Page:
Mock up leads to a happy ending
A few months back I wrote about mocking up my latest project, an Arts and Crafts display case. The style is traditional, but the design is original, so I really wanted to get an idea of not only the proportions but also of how it would fill the space it was intended for. I recently brought it in from the shop and received a nod of approval from my most demanding client, my wife.
If you’d like to see how I made it, you can check out the next issue of Fine Woodworking. An article on the case will give you all of the dimensions you need and details of construction, as well as some tips on making an accurate template for routing the through mortises.
Also, the Master Class department will show you how to make the leaded-glass door panels. It’s a dirt-simple technique and adds a nice touch.
More on designing furniture
More articles and projects by Michael Pekovich
The display case fits the room pretty close to how I imagined it would and everyone is happy to see the finished result.
I made this quick mock up out of hot glue, luaun plywood and craft paper in order to get a sense of proportion and a feel for how it would fit the room. It was also a great way to get input from family members.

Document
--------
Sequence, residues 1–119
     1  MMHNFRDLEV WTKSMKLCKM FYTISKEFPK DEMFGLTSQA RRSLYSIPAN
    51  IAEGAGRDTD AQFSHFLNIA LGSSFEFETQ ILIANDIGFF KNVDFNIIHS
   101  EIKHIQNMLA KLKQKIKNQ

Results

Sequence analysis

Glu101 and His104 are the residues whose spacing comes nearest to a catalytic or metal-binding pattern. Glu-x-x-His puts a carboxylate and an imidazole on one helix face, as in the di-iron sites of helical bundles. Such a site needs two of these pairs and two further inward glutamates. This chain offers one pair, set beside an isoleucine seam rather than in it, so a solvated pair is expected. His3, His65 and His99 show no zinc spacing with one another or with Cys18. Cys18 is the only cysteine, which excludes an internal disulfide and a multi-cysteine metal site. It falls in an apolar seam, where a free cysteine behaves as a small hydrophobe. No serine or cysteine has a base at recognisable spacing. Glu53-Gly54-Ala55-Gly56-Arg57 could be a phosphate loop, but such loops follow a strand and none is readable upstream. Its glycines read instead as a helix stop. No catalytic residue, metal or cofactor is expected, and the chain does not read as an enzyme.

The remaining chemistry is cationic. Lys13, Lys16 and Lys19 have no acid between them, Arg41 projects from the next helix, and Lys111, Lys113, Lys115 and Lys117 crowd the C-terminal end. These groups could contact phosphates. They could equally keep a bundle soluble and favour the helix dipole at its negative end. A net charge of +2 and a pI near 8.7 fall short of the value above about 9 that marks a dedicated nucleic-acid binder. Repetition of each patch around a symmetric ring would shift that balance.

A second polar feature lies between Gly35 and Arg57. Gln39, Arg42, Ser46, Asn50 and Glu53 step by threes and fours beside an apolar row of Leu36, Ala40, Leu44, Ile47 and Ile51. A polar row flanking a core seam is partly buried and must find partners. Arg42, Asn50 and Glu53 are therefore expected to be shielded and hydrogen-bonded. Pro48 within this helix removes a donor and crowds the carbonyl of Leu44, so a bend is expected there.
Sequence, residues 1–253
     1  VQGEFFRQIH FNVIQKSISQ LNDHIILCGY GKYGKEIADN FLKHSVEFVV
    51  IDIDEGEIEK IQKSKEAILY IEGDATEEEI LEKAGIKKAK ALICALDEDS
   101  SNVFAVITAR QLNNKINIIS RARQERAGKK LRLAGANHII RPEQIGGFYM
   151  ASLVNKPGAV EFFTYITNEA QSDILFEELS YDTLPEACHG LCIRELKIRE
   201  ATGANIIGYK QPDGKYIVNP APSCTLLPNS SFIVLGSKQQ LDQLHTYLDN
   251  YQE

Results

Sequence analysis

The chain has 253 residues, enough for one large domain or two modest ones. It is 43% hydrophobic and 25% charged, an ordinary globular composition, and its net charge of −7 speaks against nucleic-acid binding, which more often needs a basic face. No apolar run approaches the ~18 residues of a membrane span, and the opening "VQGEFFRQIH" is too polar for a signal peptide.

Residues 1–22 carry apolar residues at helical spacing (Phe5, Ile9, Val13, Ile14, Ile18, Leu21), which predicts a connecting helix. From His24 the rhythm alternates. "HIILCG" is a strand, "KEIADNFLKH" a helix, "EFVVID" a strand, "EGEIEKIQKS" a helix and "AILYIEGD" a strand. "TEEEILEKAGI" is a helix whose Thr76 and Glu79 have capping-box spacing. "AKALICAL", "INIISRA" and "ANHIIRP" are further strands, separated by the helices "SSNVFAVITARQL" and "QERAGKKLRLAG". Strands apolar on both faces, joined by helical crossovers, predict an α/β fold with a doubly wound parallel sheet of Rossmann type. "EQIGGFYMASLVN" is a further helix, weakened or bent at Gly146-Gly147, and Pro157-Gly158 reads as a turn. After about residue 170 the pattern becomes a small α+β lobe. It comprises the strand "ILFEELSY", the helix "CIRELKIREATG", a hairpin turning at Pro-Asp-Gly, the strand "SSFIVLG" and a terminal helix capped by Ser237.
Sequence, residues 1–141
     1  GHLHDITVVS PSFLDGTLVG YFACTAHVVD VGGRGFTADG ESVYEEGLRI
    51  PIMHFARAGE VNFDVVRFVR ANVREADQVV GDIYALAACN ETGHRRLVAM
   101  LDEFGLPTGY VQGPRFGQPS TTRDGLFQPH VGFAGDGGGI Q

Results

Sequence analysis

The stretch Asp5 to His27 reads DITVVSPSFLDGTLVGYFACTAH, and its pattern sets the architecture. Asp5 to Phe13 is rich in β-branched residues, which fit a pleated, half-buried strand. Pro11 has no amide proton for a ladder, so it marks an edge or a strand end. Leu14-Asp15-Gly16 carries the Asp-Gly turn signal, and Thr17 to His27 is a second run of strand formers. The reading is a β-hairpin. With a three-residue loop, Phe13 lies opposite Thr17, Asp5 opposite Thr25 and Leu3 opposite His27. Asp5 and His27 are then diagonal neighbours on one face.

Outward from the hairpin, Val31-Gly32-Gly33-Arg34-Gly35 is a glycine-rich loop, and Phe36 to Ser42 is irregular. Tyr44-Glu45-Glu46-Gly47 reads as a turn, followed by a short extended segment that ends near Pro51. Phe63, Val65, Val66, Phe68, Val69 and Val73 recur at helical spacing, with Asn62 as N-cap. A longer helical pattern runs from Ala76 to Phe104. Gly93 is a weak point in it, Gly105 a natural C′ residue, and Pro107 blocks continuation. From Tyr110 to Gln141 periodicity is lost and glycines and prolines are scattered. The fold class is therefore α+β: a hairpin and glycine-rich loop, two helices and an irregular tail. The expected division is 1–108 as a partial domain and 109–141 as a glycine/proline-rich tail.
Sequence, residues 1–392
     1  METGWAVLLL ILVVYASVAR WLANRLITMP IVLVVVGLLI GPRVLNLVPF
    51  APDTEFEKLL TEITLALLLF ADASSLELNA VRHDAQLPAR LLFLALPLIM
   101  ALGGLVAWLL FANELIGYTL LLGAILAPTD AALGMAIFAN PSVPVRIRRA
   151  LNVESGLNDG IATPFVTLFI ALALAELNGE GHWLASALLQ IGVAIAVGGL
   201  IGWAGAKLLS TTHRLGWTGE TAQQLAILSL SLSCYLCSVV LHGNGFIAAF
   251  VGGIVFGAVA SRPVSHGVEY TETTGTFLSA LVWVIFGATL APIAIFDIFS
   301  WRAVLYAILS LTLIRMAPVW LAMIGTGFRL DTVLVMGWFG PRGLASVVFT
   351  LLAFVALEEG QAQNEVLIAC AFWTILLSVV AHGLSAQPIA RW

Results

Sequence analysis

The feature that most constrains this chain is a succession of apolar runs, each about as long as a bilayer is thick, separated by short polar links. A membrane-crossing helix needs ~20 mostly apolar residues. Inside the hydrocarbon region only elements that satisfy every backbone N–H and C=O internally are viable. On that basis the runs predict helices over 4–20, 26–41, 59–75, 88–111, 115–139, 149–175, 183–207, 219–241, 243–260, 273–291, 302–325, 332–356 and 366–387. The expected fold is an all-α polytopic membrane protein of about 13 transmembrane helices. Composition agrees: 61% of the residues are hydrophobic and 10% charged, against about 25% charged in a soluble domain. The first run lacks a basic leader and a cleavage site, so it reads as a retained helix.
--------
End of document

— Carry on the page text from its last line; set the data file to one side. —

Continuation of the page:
A versatile cabinet. I intended the piece to be able to serve as a sideboard in a dining area or bookcase in a den or living room. The shelves behind the doors are deep enough to hold the average dinner plate. The 36-inch high top puts a reading lamp at the perfect height.
Leaded glass doors are not that difficult. Instead of wooden muntins, I decided to break out my glass cutter and soldering iron and make leaded glass panels for the doors. If you've never tried it, the technique is a lot easier that you might think. It took me about two hours to make the panels.
Hardware can make or break a traditional piece like this. I chose hand-hammered hardware made by Gerald Rucks. He makes each pull one at a time. The pyramid screws are an authentic touch but are a little tricky to install. The square corners can scratch the plate if the screws aren't threaded in straight. I used an open-end wrench and went slow.